The primary purpose of the Paycheck Protection Program (PPP), approved by the US Congress at the onset of the COVID-19 pandemic in March of 2020, was to help affected businesses retain their workforce through extended shutdowns and mounting revenue losses. But a new report says that some of the most prominent cultural institutions were quick to lay off workers at the first opportunity after receiving over $1 billion combined in taxpayer-funded forgivable loans and grants.
Released last week by the American Federation of State, County and Municipal Employees (AFSCME), the report analyzed federal data, audited financial statements, and media reports relating to thousands of museums, zoos, and botanical gardens. It found that out of $1.6 billion given to about 7,500 cultural institutions that qualified for PPP loans, nearly half of the money ($771 million) went to just 228 recipients. These same 288 institutions collectively laid off more than 14,400 employees, or at least 28% of their workforce.
Museums were reported to be among the hardest hit during the pandemic. The American Alliance of Museums (AAM) estimated in a survey that shuttered museums in the United States lost at least $33 million a day during the lockdown, accumulating combined losses in the billions. In an analysis from October of 2020, the AAM also reported that 53% of museums had laid off or furloughed staff. Most affected by the cutbacks were low-paid staff working in frontline services, education, maintenance, and security. Among those workers, many are people of color.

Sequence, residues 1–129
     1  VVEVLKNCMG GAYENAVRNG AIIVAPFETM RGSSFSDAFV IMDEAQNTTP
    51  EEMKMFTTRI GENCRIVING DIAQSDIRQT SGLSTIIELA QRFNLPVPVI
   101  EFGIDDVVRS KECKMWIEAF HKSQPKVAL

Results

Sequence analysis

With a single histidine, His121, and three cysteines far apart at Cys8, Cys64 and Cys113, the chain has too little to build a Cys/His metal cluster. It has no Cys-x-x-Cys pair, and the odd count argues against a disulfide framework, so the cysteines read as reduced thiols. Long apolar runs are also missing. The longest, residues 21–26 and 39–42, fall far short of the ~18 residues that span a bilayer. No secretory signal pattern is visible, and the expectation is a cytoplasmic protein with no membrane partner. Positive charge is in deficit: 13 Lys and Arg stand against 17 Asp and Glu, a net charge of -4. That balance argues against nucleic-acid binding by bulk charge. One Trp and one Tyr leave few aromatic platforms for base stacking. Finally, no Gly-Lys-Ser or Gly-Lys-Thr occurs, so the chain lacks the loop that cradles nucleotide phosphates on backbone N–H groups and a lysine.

However, AFSCME’s report found that not all museums faired that poorly during the pandemic. In fact, an analysis of 69 cultural institutions with available financial data revealed that 67% of them ended fiscal year (FY) 2020 with operating surpluses.
The Museum of Contemporary Art, Los Angeles (MOCA), which received $3.3 million in PPP loans, laid off 97 workers during the pandemic despite ending FY 2020 with a $2.3 million surplus. Nearby, the Natural History Museums of Los Angeles County ended FY 2020 with a $23.9 million operating surplus after receiving a $4.8 million PPP loan. And yet, it furloughed its 127 part-time employees from March 2020 until the end of December 2020.
The Museum of Science, Boston, was initially too large to qualify for the PPP program, which was designated for institutions with 500 or fewer employees. After laying off 309 workers during the pandemic — almost half of its workforce — it qualified for the next round of loans and received $4.7 million in 2021.
“Through their massive endowments and dependence on wealthy donors, these large institutions already had the financial resources to withstand the pandemic-related shutdowns that many of their smaller counterparts lacked,” the report states.
Unions were a major factor in defending worker rights during the pandemic, the report adds. (Its researchers note that “many institutions are only partially organized, and CWU lacks bargaining unit data for many of them. Thus, we in fact understate the role of unions in preventing layoffs.”)
Unionized workers experienced 28% fewer staff reductions on average than nonunionized workers and enjoyed recall rights during layoffs, health and safety committees to address COVID-19 concerns, and the ability to negotiate hazard pay.
But organizing has its limits: While plagued by union-busting allegations, the Philadelphia Museum of Art received a $5.1 million PPP loan despite laying off 127 workers during the pandemic. The union continues to voice concerns, testifying that workers are overworked with the reduced staff size.
“Not only did the billions in public money not prevent museums from perpetrating mass layoffs throughout the pandemic, but museum management also did not prioritize their workers and, in fact, disproportionately targeted their lowest-paid workers,” the report concludes.
In a recommendation section, it calls on elected officials to pass the Protecting the Right to Organize (PRO) Act, which would establish a nationwide right to organize for public sector workers. The report also calls on museums to publicly disclose how they use taxpayer money and prioritize the interests of their workers over “exorbitant director salaries, expansion projects or buying art during an economic crisis.”